• Racking up debt. Understand the responsibilities and benefits of credit.  Shop around for a card that best suits your needs, and spend only what you can afford to pay back. It’s a great tool if you use it responsibly. 
  • Not thinking about the future.  It may seem odd since you’re just beginning your career, but now is the best time to start planning for your retirement. Contribute to your employer’s 401(k) or similar account, especially if there is a company match. Invest enough to qualify for your company’s full match – it’s free money.  
  • Ignoring help from your bank. Most banks offer online, mobile and text banking tools to manage your account night and day. Use these tools to check balances, pay bills, deposit checks, monitor transaction history and track budgets.
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Forty-three percent of consumers know their credit score, a key metric that helps determine whether they can get credit cards, auto loans, mortgages and insurance coverage, according to a recent survey by the American Bankers Association (ABA).  Whether or not they know their score, consumers can take action now to understand and protect their credit.

“The more you know about your own credit history, the better you can position yourself for lower rates when applying for a loan or insurance coverage,” said Nessa Feddis, ABA’s senior vice president and deputy chief counsel for consumer protection and payments. 

Credit scores are reflective of a person’s creditworthiness and are based on their credit reports, which indicate whether a person pays their bills on time.  Lenders use a consumer’s credit score to decide whether to lend them money and at what rate. Credit scores are also used by organizations for screening insurance and other applications.  Consumers receive their credit score when they apply for a mortgage, if they are turned down for credit or if a bank used their credit score to determine their interest rate.  Some banks will supply their customers with a complimentary credit score from one of the major credit bureaus—Experian, TransUnion and Equifax—or consumers can pay to obtain their score directly from a credit bureau.

“If you check your score and don’t like what you see, you can take action today to begin improving it,” said Feddis.  “While there is no overnight fix for a low credit score, paying your debts on time and demonstrating that you can manage credit responsibly can help you gradually rebuild your score.”

Below are tips from ABA to help consumers improve and maintain their credit scores:
Credit Do's:
  • DO order a copy of your credit report annually. The three major credit bureaus are required to provide you with a free copy of your credit report at your request each year. To get a free copy of your credit report, call 1-877-322-8228. You can also obtain your credit score from any of these credit bureaus for a reasonable fee.
  • DO know the power of credit. Banks look at your credit history as an indication of your future financial behavior. By using credit wisely, you can build a good credit history making it easier to get loans with low interest rates, rent an apartment, purchase a car or home, and may even help you get a job.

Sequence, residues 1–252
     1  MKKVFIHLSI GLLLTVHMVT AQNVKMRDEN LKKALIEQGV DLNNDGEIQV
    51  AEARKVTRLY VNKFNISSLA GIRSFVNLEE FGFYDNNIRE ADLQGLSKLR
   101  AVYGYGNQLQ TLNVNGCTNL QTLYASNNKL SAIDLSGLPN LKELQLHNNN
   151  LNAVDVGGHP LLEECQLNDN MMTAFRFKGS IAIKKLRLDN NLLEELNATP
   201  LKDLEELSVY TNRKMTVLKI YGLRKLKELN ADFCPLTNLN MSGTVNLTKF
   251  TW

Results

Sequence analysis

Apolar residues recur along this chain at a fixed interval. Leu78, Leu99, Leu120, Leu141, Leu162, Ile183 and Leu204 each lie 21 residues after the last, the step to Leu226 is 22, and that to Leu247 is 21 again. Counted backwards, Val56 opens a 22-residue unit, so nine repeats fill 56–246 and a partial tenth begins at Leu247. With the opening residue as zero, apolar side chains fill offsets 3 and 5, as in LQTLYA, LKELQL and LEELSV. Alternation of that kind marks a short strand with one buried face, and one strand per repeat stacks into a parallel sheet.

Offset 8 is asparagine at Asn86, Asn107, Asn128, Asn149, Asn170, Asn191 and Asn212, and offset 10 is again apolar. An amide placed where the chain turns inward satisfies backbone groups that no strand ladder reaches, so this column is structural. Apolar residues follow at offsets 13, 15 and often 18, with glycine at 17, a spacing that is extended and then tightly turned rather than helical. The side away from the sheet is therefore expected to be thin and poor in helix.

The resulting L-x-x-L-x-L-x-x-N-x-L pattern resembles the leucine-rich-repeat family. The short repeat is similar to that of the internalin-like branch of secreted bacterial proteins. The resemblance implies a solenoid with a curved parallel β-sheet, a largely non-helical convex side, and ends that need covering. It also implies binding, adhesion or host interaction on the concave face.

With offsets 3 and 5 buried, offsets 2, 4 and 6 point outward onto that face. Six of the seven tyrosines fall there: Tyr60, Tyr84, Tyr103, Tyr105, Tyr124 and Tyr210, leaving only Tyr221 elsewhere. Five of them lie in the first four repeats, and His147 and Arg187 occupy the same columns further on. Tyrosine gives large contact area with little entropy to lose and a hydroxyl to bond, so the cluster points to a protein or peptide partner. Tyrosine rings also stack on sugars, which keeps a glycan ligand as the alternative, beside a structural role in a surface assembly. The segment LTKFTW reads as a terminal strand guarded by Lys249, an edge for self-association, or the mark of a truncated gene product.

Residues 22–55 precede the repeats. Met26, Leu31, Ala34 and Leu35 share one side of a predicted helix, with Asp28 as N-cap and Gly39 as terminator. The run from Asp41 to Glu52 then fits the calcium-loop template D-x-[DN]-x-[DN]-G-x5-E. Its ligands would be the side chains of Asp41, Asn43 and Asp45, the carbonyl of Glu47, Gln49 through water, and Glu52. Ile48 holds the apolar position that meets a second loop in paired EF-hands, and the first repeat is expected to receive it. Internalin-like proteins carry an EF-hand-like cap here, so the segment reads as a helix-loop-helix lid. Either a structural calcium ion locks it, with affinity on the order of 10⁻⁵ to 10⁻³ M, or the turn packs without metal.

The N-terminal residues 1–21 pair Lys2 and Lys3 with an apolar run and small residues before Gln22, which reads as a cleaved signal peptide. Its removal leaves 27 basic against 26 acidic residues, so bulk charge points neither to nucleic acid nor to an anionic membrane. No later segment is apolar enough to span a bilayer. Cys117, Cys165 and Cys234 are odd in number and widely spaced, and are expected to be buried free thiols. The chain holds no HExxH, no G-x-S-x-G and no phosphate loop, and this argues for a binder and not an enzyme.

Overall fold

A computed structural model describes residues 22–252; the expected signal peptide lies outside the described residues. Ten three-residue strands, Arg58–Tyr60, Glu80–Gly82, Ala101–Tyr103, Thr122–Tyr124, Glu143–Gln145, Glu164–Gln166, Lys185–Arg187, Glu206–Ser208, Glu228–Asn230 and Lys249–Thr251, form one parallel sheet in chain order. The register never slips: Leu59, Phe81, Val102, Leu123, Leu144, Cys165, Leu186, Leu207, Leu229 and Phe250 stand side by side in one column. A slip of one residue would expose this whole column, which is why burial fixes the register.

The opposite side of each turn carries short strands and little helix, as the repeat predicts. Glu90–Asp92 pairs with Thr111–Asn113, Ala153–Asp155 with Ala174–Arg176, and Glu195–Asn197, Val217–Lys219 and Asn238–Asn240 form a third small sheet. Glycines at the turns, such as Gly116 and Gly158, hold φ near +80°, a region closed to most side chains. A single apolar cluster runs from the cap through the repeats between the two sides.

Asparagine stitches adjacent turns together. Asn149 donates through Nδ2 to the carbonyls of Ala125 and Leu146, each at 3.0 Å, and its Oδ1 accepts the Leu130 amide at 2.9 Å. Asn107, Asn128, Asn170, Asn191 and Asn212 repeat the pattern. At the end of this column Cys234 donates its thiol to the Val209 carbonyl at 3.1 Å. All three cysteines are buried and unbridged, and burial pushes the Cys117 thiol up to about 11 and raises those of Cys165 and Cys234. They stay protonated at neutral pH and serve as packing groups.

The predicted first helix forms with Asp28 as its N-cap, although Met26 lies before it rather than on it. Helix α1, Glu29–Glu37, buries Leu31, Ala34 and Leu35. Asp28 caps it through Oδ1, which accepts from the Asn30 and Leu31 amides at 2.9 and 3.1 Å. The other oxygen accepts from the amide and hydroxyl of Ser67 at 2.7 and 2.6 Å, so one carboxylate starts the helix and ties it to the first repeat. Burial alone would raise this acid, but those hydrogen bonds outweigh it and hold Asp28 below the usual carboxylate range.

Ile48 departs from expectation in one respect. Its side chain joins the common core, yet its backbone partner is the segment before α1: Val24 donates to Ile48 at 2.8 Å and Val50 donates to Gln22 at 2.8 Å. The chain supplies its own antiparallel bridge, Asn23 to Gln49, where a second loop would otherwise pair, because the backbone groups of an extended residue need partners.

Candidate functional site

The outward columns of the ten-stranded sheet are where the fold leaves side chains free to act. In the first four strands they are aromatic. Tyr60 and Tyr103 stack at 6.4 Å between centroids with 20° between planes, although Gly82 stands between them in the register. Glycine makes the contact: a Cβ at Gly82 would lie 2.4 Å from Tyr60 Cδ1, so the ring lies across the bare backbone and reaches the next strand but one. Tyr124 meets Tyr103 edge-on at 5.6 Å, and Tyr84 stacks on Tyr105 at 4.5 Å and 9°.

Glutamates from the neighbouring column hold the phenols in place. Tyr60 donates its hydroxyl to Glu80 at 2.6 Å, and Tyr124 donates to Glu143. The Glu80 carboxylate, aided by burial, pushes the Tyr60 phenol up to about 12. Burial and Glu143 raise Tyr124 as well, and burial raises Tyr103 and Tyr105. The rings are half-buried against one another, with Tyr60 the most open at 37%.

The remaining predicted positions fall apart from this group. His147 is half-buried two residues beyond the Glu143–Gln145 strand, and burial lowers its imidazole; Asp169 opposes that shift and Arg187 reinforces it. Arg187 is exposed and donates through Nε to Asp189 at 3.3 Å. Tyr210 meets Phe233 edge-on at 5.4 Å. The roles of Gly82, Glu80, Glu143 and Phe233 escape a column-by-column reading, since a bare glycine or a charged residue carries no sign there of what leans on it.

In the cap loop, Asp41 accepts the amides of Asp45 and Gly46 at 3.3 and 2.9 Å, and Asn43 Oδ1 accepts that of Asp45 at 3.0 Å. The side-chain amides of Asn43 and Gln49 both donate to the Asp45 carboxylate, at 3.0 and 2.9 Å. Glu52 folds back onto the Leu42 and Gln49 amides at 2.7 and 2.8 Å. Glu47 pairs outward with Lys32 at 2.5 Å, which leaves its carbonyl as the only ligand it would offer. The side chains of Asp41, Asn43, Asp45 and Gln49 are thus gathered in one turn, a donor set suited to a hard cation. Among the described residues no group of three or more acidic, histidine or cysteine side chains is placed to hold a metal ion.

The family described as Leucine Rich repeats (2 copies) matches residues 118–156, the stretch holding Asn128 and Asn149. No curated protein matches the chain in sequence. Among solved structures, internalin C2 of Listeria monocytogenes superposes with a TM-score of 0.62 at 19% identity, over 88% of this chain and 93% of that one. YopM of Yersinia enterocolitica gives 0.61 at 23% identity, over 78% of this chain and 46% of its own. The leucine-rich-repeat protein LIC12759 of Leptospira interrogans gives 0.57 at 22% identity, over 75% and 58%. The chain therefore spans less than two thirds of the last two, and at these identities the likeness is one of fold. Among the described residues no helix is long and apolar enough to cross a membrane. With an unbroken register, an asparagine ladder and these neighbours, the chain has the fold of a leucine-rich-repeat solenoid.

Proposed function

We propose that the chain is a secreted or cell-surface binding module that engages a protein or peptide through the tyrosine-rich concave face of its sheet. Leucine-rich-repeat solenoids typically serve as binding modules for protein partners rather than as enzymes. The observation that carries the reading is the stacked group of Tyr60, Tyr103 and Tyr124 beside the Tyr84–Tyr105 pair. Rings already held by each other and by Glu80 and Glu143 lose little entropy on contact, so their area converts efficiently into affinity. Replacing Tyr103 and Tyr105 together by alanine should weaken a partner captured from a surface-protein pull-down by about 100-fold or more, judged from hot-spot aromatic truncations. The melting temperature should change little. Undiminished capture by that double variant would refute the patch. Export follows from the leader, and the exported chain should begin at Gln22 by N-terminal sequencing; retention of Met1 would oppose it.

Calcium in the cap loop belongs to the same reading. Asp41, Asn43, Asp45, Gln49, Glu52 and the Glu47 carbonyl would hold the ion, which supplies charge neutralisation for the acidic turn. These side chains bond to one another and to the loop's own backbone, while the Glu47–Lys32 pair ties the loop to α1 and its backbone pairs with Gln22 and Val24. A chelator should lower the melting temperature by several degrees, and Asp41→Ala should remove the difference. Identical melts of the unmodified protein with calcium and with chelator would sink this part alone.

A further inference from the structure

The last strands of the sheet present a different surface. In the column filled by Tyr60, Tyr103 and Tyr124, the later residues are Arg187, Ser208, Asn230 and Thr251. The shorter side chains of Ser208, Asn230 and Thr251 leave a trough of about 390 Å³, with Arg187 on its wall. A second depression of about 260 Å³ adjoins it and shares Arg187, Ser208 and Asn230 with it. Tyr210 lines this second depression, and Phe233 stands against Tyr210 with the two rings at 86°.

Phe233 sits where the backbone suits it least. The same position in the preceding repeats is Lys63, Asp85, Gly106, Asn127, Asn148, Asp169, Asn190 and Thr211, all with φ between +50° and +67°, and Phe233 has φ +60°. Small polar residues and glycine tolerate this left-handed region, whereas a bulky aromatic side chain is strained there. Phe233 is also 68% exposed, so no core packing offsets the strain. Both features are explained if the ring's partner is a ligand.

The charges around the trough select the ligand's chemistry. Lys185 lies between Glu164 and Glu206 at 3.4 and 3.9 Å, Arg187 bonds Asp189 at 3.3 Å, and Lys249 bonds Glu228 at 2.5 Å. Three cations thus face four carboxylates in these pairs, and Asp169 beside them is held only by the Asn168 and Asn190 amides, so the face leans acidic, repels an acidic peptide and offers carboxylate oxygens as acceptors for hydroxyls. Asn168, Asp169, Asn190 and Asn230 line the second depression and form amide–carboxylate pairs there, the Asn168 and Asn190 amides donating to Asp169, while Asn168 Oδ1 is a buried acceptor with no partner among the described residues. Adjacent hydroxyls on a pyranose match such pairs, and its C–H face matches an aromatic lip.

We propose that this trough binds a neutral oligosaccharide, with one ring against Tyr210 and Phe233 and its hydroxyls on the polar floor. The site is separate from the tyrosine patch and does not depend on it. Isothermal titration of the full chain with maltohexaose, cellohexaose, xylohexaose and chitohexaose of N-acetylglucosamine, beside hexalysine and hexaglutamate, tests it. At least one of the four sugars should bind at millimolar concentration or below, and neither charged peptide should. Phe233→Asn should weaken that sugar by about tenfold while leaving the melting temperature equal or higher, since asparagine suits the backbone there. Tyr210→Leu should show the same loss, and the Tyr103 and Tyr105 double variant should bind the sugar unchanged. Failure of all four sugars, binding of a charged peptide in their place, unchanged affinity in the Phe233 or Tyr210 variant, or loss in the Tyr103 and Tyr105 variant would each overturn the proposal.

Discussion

• DO read the fine print on the credit application. The application is a contract, so read it carefully before signing. Credit card companies are very competitive so interest rates, credit limits, grace periods, annual fees, terms and conditions may vary.
  • DO pay at least the minimum due and contact your creditor if you have trouble making payments. This will help you to avoid late fees and a rising APR. To pay off your balance more quickly, pay more than the minimum due. If you are unable to make the minimum monthly payments, let your creditor know so they can work with you to create a more manageable payment plan.
  • DO be wary of anyone who claims they can "fix" your credit report. No one can legally remove negative information from your credit history if it is accurate. The only thing that can fix a credit report is time and a positive payment history.
Credit Don'ts:
  • DON'T pay your bills late. Late payments can affect your credit rating and increase your balance. If you are unable to pay the minimum monthly payment, let your creditor know and it may be able to lower your payments.
  • DON'T spend more than you can afford. Credit is a loan and has to be repaid. It is your responsibility to manage your debts and to keep your commitment with lenders. Avoid reaching your credit limit or "maxing out" your cards.
  • DON'T ignore the warning signs of credit trouble. If you pay only the minimum balance, pay late, use cash-advances to fund daily living expenses or transfer a lot of balances you might be in the credit “danger zone.” Talk to a non-profit financial counseling organization like the National Foundation for Credit Counseling to regain control of your finances.
  • DON'T share your credit card number. Never give out credit card or personal information if you have not initiated the transaction. Be aware of identity theft and phishing scams that ask for credit card numbers. If you suspect that your identity has been compromised, call your bank and file a complaint with the Federal Trade Commission at 1-877-ID-THEFT (1-877-438-4338).